Direct Dealings For Samsung Engineering

Direct Dealings For Samsung Engineering


By Lori Musser

It’s a rare day when a global engineering, procurement and constructing company, or EPC, manages a massive project cargo move halfway around the world without a freight forwarder in sight, but Samsung Engineering did just that.

And although forwarders are typically irreplaceable in project logistics, in this case an EPC-carrier’s direct relationship allowed end-design tweaks and engineered transport solutions that cut lead time and elevated the supply chain experience.

The Samsung Engineering project featured monoethylene glycol, or MEG, modules fabricated by Hanjin Engineering in Seoul, Korea, as well as other MEG plant components totaling 120,000 freight tons.

The cargo moved on 10 consecutive Rickmers-Line voyages in 2017 from Seoul to Lake Charles, Louisiana, destined for Lotte Chemical’s US$1.1 billion MEG plant.

At the Port of Lake Charles, the Rickmers vessels were met by barges for a short move upstream, then offloaded on the bayou at a provisional company jetty and hauled to the adjacent plant site. Heavy-lift and transport specialist Fagioli Inc. managed the barge and truck movements. Global logistics provider FNS Inc. provided import customs brokerage and associated services.


Supply Chain-Choices

Samsung Engineering’s tender process for ocean carriage for the Lotte LA MEG project began in 2015.

Rickmers-Line was contacted mid-2015 to gauge its interest in participating in the pre-tender qualification. The carrier quickly recognized a strong match, submitted documentation, and was invited to participate in the tender. Following a string of meetings in Korea and the U.S., a contract for the over-dimensional cargo, logistics and heavy-lift was awarded at the end of 2016. In mid-2017, Rickmers-Line was also awarded the contract for the module transport.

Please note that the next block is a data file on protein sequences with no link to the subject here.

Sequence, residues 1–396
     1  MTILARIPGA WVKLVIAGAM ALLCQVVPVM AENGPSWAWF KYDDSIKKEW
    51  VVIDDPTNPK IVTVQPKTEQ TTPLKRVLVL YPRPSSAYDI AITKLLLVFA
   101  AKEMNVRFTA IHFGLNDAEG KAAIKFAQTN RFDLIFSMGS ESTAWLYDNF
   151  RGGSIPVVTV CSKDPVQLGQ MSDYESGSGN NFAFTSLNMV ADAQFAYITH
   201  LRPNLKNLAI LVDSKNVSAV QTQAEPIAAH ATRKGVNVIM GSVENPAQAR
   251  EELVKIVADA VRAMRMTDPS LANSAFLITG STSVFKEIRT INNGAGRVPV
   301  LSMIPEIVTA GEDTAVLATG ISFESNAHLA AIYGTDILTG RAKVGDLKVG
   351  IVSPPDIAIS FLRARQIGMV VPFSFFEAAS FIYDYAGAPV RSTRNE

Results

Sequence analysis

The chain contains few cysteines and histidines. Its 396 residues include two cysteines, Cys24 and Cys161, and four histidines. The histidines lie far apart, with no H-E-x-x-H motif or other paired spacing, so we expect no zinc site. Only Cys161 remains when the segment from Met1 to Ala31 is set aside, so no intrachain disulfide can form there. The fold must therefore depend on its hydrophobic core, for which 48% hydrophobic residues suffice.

Rickmers-Line had capacity, capability and services in place from the start. “Our Rickmers-Line liner service concept was a great advantage for Samsung Engineering, as we were able to offer regular sailings with our Asia to U.S. Service (part of Rickmers Line Round-the-World East Bound Pearl String Service). Schedule reliability was paramount to the client, and we were able to deliver all cargoes on time to Lake Charles within the required lay-cans with no delays,” said Benjamin Joithe, director of global sales and marketing from Rickmers-Line.

Suranjoy Das, who at the time was the Samsung Engineering project head for the Lotte LA MEG project, added: “The deal makers in this case were the value of the cargo, the cost of transport, and the business line that Rickmers-Line was in – their trade lane. My purpose was to ship these modules from South Korea to the U.S., and their trade lane covered exactly that. That kept costs down.”

Das recognized that EPCs don’t usually work directly with their carriers, but that very factor turned out to be exactly what was needed to work around pre-existing project execution limitations. For example, together, the carrier and the EPC identified potential lifting issues related to the modules. Das went back and was able to incorporate minor module design changes that eliminated the problem. Similarly, a lifting frame was needed for the modules, but it had to be designed and fabricated from scratch. Working with Rickmers-Line’s vessel specifications, and a mutual goal of safe and effective handling, a solution was engineered.

Although the EPC considered other carriers, Rickmers-Line’s engineering strength helped secure the business. Samsung’s modules were in end-design. Some other carriers were out because they did not have the right vessels for the cargo, could not optimize stowage, or could not offer engineering solutions.

Rickmers-Line assembled a global team for the Samsung project. The team put communications first and foremost, internally addressed questions as they arose, and provided tailor-made solutions. They did their homework, with the cargo transport engineers producing method statements, 3D simulations and assisting in preparation of the spreader for loading of the modules.

“Rickmers-Line’s 30,000-deadweight-tonnes Hamburg Class liner vessels with combined gear capacity of 640 tonnes, flexible ’tween decks and large deck space turned out to be a great fit for the MEG project cargoes,” Joithe said.

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Improving Project-Execution